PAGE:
• Bartel, L, & Clements-Cortes, A. (2014). Dying Healthy: Music in places of palliative care, In G. J. Andrews, P. Kingsbury, & R. A. Kearns, (Eds.). Soundscapes of Wellbeing in Popular Music. Burlington, VT: Ashgate. http://www.ashgate.com/isbn/9781409443599
  • Clements-Cortes, A. (2013). Music as medicine for interdisciplinary team self care and stress management in palliative care, In C. L. McLean (Ed.). Creative Arts in Humane Medicine, Edmonton, Alberta: Brush.
  • Clements-Cortes, A. (2013). Adults in palliative/hospice care, In J. Allen, (Ed.). Guidelines for Music Therapy Practice in Adult Medical Care (pp. 295-346). New Braunfels TX: Barcelona.
  • Clements-Cortes, (2013) A. healing water: Assessing trauma, abuse and loss via guided imagery and music. Kavod Journal,(3). http://kavod.claimscon.org/

Courses

Undergraduate Course – MU352

Graduate Course – MU503

For a more detailed biography of Dr. Amy Clements-Cortes, please see http://www.wlu.ca/homepage.php?grp_id=13584&f_id=29


Faculty Bios - Sara Klinck

 Sara Klinck

Music Therapy Training

I completed my Bachelor of Music Therapy at Wilfrid Laurier University in 2005 and my Master of Music Therapy, also from WLU, in 2013.  I received Accreditation with the Canadian Association for Music Therapy in 2007.

Models of Practice & Areas of Interest

As a music therapist, my approach is multi-faceted.  I consider myself to be therapeutic-relationship-centered, client-centered, and music-centered.  I have experienced profound connections between all three in my clinical work and have drawn from various models and approaches in order to companion clients in their process with music therapy.

My training and education in music-centered models have left their imprint on my use of clinical improvisation in my work.  The influences of music-centered psychotherapy approaches (particularly insight-oriented music psychotherapy) are apparent in my use of both musical and verbal processing with clients in end-of-life and bereavement care.

A significant portion of my clinical experience and interest as a music therapist has been in palliative care.  Over time the professional decision to work in hospice became instrumental in cultivating an approach to music therapy in bereavement care.

Main Research Interests

My area of interest in research is linked to bereavement care, focused on how music therapy can be (and is) accessed by those who are grieving in ways that may aid in the expression of loss, and also in the process of coping and adaptation following profound loss.

Fun Facts

To keep myself grounded, I spend time at the piano and in the garden, and I laugh.

To keep myself nourished, I spend time with the people I love, connect with my community, and I sing.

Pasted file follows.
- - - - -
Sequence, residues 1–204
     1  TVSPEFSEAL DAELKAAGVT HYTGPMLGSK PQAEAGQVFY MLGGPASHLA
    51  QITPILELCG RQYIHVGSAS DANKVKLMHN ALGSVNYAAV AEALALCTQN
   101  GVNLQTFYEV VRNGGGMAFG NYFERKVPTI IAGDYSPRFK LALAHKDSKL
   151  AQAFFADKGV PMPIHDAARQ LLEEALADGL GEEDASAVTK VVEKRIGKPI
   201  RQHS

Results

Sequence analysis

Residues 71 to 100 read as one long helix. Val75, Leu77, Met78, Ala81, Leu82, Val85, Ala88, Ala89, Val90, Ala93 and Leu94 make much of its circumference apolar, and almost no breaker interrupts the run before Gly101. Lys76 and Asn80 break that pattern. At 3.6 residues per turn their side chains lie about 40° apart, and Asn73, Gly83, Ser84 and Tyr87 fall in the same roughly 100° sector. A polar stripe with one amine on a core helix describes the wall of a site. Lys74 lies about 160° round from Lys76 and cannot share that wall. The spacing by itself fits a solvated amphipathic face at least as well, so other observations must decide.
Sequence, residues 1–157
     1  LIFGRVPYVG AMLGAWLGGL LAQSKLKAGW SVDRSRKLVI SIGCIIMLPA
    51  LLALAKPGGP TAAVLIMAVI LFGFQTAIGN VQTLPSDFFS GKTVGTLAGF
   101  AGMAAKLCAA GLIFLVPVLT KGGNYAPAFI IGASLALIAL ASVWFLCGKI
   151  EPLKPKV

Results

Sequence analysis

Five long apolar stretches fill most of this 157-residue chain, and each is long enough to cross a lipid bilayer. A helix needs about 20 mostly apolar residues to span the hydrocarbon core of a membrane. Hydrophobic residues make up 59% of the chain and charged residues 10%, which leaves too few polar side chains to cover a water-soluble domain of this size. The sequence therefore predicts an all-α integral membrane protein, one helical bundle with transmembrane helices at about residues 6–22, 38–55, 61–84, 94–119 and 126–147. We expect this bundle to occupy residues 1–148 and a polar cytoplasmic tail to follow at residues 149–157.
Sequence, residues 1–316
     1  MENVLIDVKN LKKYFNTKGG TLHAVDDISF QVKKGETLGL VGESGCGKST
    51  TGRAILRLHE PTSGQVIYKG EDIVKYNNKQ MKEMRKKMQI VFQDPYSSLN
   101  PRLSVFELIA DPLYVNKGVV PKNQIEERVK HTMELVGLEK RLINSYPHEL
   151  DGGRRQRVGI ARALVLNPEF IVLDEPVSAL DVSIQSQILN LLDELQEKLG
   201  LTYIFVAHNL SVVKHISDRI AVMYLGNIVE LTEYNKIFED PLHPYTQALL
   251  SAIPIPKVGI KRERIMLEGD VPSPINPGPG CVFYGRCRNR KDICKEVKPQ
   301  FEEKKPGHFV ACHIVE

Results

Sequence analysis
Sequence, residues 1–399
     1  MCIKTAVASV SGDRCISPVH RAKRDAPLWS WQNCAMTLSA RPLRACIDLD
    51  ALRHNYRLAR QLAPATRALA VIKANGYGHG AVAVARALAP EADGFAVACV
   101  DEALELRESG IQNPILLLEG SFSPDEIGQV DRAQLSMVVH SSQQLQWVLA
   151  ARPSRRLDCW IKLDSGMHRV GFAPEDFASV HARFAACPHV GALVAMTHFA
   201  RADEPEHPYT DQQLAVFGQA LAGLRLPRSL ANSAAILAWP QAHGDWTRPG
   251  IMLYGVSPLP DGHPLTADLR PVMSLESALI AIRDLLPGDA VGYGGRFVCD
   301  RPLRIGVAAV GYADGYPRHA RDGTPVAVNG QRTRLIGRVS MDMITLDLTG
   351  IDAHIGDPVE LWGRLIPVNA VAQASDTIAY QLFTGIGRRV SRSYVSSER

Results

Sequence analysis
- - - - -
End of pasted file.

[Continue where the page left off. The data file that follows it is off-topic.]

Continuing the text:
To keep myself creative, I sew and make things with my hands, and go to experience the arts!

Courses

MU453


Faculty Bios - Colin Lee

Colin Andrew Lee

Coordinator of Undergraduate Studies

Dr. Colin Andrew Lee received a PhD from City University, London, England. Following piano studies at the Nordwestdeutsche Musikakademie, Detmold, Germany, he earned a Postgraduate Diploma in music therapy from the Nordoff-Robbins Music Therapy Center, London, England. Lee has extensive clinical and supervisory experience and is an active researcher in many areas including HIV/AIDS and the analysis of clinical improvisation.  Recent work includes concert performances of improvisations based on clinical themes.

Colin has published many articles in journals and edited books. Books include:

  • Music at the Edge: The Music Therapy Experiences of a Musician with AIDS (1996)
  • The Architecture of Aesthetic Music Therapy (2005)
  • Improvising in Styles: A Workbook for Music Therapists, Educators and Musicians (Lee &Houde 2011)
  • Paul Nordoff: Composer and Music Therapist (2014).

Teaching Philosophy

I believe that every student brings their own unique contribution and creative gifts to their learning and eventual entry into the field of music therapy. As a music therapist we take a moral responsibility to understand the unique needs of clients and then provide the finest quality music we can to fulfill these needs. My developing theory of Aesthetic Music Therapy promotes the view that music itself is the core of the therapeutic process. The inspiration and quality of music making is paramount and the emotional truths created through clinical composition and improvisation provides a space for clients to discover their full potential. WLU is unique as it is the only music therapy program in Canada that offers an undergraduate and graduate degree as well as an internationally recognized research centre. At Laurier research and practice go hand-in-hand to provide one of the most innovative and established academic centers in Canada.

Courses

Undergraduate Courses – MU258, MU362

Graduate Courses – MU501, MU605

Fun Facts

In addition to teaching at Laurier and writing, Colin also enjoys cooking, good wine and working out!

For a more detailed biography of Dr. Colin Lee, please see http://www.wlu.ca/homepage.php?grp_id=1159&ct_id=1010&f_id=29


***These biographies have been generously provided by the faculty and supervisors at Laurier and/or are copied from the Laurier website (www.wlu.ca).  All credit goes to the original authors.***